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Plan the Work, Then Work the Plan

By Katie Kuehner-Hebert

floor, slab, demoThe feat of transforming part of an historic hospital more than a century old into the new headquarters for the U.S. Department of Homeland Security — ahead of schedule and under budget — has earned the St. Elizabeths Adaptive Reuse Phase 1B Project in Washington, D.C. a 2014 Alliant Build America Award for Building Renovation.

According to Bill Six, who oversaw the project for Grunley Construction Co. Inc., an AGC of Metropolitan Washington D.C. member, the nearly three-year endeavor consisted of the restoration and adaptive reuse of five historic buildings on the St. Elizabeths site, a national historic landmark. The project owner, General Services Administration (GSA), was responsible for the overall development of the site.

“By far, the most unique aspect was the requirement to convert multiple historic buildings, several in deteriorated states, into modern day facilities while maintaining the historic exteriors,” Six says.

Each of the five buildings, spanning from 105 to 157 years old, are listed on the National Register of Historic Places. The entire campus, which was created by Congress in 1855 as the “Government Hospital for the Insane,” was at that time the “epitome of mid-19th century reform,” created under the urging of Dorothea Lynde Dix, a famed advocate for the mentally ill, and Dr. Charles Henry Nichols, a physician who specialized in the treatment of mental illness. The East Campus still houses a mental health facility and the West Campus was given to the GSA in 2004 to redevelop for multiple agency use.

Grunley’s scope of work included restoration of the dining hall/kitchen, adaptive reuse of the “relief” quarters into a credit union with modern office and conference spaces, construction of an underground gymnasium and design-build of a modular utility plant. The five buildings were spread across 10 acres of land, and no two buildings were alike.

building, interior, progressThe biggest challenges involved the scale of the overall project and the need to coordinate the varying elements of each building, such as the eras of construction, building functionalities, structural modifications, mechanical and electrical needs, different unforeseen conditions, site logistical parameters and schedules, Six says.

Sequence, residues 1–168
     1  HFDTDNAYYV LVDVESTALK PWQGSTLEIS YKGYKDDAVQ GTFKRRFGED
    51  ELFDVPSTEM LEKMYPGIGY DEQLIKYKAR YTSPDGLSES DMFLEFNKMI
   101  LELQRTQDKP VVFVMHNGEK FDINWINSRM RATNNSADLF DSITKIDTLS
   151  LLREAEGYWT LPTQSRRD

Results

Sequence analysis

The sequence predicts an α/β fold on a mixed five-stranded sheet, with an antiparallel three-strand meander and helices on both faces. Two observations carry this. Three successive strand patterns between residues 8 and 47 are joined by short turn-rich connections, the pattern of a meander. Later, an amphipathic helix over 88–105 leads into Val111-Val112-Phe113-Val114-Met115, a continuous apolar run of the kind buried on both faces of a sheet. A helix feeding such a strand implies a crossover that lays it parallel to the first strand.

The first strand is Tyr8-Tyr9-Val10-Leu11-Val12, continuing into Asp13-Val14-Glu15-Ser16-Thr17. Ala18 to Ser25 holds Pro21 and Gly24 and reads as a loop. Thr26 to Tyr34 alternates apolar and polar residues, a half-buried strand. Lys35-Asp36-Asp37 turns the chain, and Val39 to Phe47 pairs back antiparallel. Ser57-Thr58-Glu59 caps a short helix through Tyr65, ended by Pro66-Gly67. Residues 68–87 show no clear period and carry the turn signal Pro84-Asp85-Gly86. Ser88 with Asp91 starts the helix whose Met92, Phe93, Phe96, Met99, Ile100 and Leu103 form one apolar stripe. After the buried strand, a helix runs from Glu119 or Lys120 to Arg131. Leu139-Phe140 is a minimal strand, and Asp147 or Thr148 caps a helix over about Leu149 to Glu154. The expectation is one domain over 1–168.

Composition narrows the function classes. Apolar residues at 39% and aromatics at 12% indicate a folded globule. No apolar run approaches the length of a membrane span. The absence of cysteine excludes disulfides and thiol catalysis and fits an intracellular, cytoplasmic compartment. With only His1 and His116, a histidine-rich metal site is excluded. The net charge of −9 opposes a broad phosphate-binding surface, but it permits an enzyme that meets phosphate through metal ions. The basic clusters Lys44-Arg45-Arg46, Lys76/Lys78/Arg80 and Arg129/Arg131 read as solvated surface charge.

“To overcome this, Grunley strategically assigned responsibilities to each person on the jobsite that transcended through each building, to ensure that in every circumstance, our team, the owner and the subcontractors knew who to work with toward issue resolution,” he says.

Grunley performed more than $2 million of the structural and finished carpentry work, mainly within the campus dining hall, which included removing, restoring and re-installing more than 10,000 lineal feet of bead-board from the dining hall’s ceiling and clerestory. Each three-inch-wide piece was individually removed, tagged and re-assembled on the ground in paneled sections to ensure they were reinstalled in the exact same location.

Grunley also performed structural enhancements to the dining hall that included adding new members to the existing king post trusses that matched the existing. Due to their degraded condition, the exterior north and south porches were demolished and new porches, built of structural grade lumber from Oregon, were erected to match the original 1902 construction while conforming to current Americans with Disabilities Act standards.

The project’s masonry subcontractor, Lorton Stone, performed more than $2.6 million of masonry restoration and reconstruction. At Building 31, Atkins Hall, Lorton performed a 100 percent re-point exercise that involved extensive sampling of new and existing mortar to select the appropriate mix that would provide the correct historic lime content, as well as color tint and structural bearing characteristics. Using scaffolding that was erected around the entire building, teams of mason journeymen worked multiple elevations to quickly perform the work ahead of the impending winter. Each step of the precise mortar joint tooling was monitored by preservationists.